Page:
Olive is the second most important oil fruit crop cultivated worldwide after oil palm. Its cultivation covers over eight million hectares of land, predominantly concentrated in the Mediterranean basin, where 70% of the olive oil produced is consumed . The olive tree is a glycophytic species that shows a high tolerance to drought and salt stresses, if compared with other fruit trees that are generally salt sensitive . Olive oil is produced solely from the fruit of the olive tree (
The olive oil is known for its beneficial effects on health, such as ability to reduce blood pressure and low-density lipoprotein (LDL) cholesterol, as well as for its cancer prevention, antimicrobial and antioxidant virtues [23, 24]. The international olive council Resolution no. res-3/89-iv/03 [25, 26] catagorised virgin olive oil as: (i) “Extra virgin olive oil”: virgin olive oil that has a free acidity, expressed as oleic acid, of not more than 0.8 g per 100 g; (ii) “Virgin olive oil”: virgin olive oil that has a free acidity, expressed as oleic acid, of not more than 2 g per 100 g; (iii) “Ordinary virgin olive oil”: virgin olive oil that has a free acidity, expressed as oleic acid, of not more than 3.3 g per 100 g.
The increase in the demand for high-quality olive oils has led to the appearance in the market of olive oils, elaborated olive oil with specific characteristics. They include oils of certain regions possessing well-known characteristics, that is, olive oils with a denomination of origin, or with specific olive variety composition. Olive oils obtained from one genetic variety of olive or from several different varieties are called monovarietal or coupage, respectively. Monovarietal olive oils have certain specific characteristics related to the olive variety from which they are elaborated . However, coupage olive oils are obtained from several olive varieties to achieve a special flavor or aroma .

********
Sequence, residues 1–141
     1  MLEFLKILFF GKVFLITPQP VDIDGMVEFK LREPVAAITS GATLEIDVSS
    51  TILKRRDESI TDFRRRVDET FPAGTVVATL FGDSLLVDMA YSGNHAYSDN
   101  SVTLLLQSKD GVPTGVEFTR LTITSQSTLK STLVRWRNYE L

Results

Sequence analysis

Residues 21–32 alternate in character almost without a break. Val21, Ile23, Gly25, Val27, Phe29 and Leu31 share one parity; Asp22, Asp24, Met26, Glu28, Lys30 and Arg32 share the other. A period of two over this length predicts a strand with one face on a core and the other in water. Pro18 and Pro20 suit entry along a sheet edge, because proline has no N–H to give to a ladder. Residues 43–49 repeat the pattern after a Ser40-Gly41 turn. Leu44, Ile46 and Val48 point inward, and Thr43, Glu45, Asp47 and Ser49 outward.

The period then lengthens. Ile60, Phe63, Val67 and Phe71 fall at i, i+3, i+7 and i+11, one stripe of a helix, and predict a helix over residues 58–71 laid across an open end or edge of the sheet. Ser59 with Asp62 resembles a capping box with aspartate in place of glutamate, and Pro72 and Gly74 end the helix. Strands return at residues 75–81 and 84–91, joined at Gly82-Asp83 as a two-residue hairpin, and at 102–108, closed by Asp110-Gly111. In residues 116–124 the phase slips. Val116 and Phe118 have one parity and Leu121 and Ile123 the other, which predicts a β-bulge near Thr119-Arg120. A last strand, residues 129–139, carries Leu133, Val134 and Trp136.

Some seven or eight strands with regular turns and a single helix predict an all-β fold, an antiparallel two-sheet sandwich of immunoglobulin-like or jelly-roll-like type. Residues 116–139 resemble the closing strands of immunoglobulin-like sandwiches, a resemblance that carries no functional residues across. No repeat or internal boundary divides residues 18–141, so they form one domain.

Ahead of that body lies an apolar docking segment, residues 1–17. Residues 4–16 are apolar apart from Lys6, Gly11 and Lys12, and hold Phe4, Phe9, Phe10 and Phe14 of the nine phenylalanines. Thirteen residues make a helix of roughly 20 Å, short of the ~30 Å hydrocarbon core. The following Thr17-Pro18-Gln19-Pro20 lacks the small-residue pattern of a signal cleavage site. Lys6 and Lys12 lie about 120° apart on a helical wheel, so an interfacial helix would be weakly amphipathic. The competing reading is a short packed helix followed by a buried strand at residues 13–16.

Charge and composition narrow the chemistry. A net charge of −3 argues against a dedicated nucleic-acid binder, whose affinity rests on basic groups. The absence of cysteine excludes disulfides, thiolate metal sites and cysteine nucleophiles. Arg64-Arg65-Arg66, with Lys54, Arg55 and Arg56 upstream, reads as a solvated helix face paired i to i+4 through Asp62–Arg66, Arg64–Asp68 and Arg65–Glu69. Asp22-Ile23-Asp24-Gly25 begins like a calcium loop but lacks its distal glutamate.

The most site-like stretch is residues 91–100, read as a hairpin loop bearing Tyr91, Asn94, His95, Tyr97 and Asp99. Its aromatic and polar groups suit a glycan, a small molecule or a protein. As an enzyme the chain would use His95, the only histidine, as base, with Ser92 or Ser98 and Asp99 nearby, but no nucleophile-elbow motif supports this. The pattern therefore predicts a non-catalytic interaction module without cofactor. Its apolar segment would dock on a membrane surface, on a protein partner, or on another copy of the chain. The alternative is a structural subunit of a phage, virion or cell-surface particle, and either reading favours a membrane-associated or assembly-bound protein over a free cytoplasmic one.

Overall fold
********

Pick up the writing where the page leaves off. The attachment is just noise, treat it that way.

3. Olive oil adulteration
Olive oil is one of the most valuable single products of the agro-food industry. It is made from diverse cultivars either mixed or single. Those ensure different tastes and typicity, and these may be also enhanced by the region of production of cultivars .
Recently PDO and PGI olive oils appeared that requiring precise definition of several parameters such as cultivar, geographical origin, agronomic practice, production technology, and organoleptic qualities. The quality of these monovarietal oils is associated with superior taste, consistency and colour and is directly related to the olive cultivar. Therefore, the authenticity efforts concentrated on the identification of their varietal origin as well as their adulteration with lower grade, processed olive oils .
That is why a well-documented traceability system has become a requirement for quality control in the olive oil chain.
DNA, being not environmentally labile, considered a great potential to be used as a means of identifying the varieties of the trees purporting to be the source of a given sample of olive oil .
Genetic traceability implies the control of the entire chain of food production and marketing, allowing the food to be traced through every step of its production back to its origin. The verification of olive oil traceability is necessary for the prevention of deliberate or accidental mixing or mislabeling, which is very important in the international trade.
4. Conventional identification tools of olive oil: Chemical analysis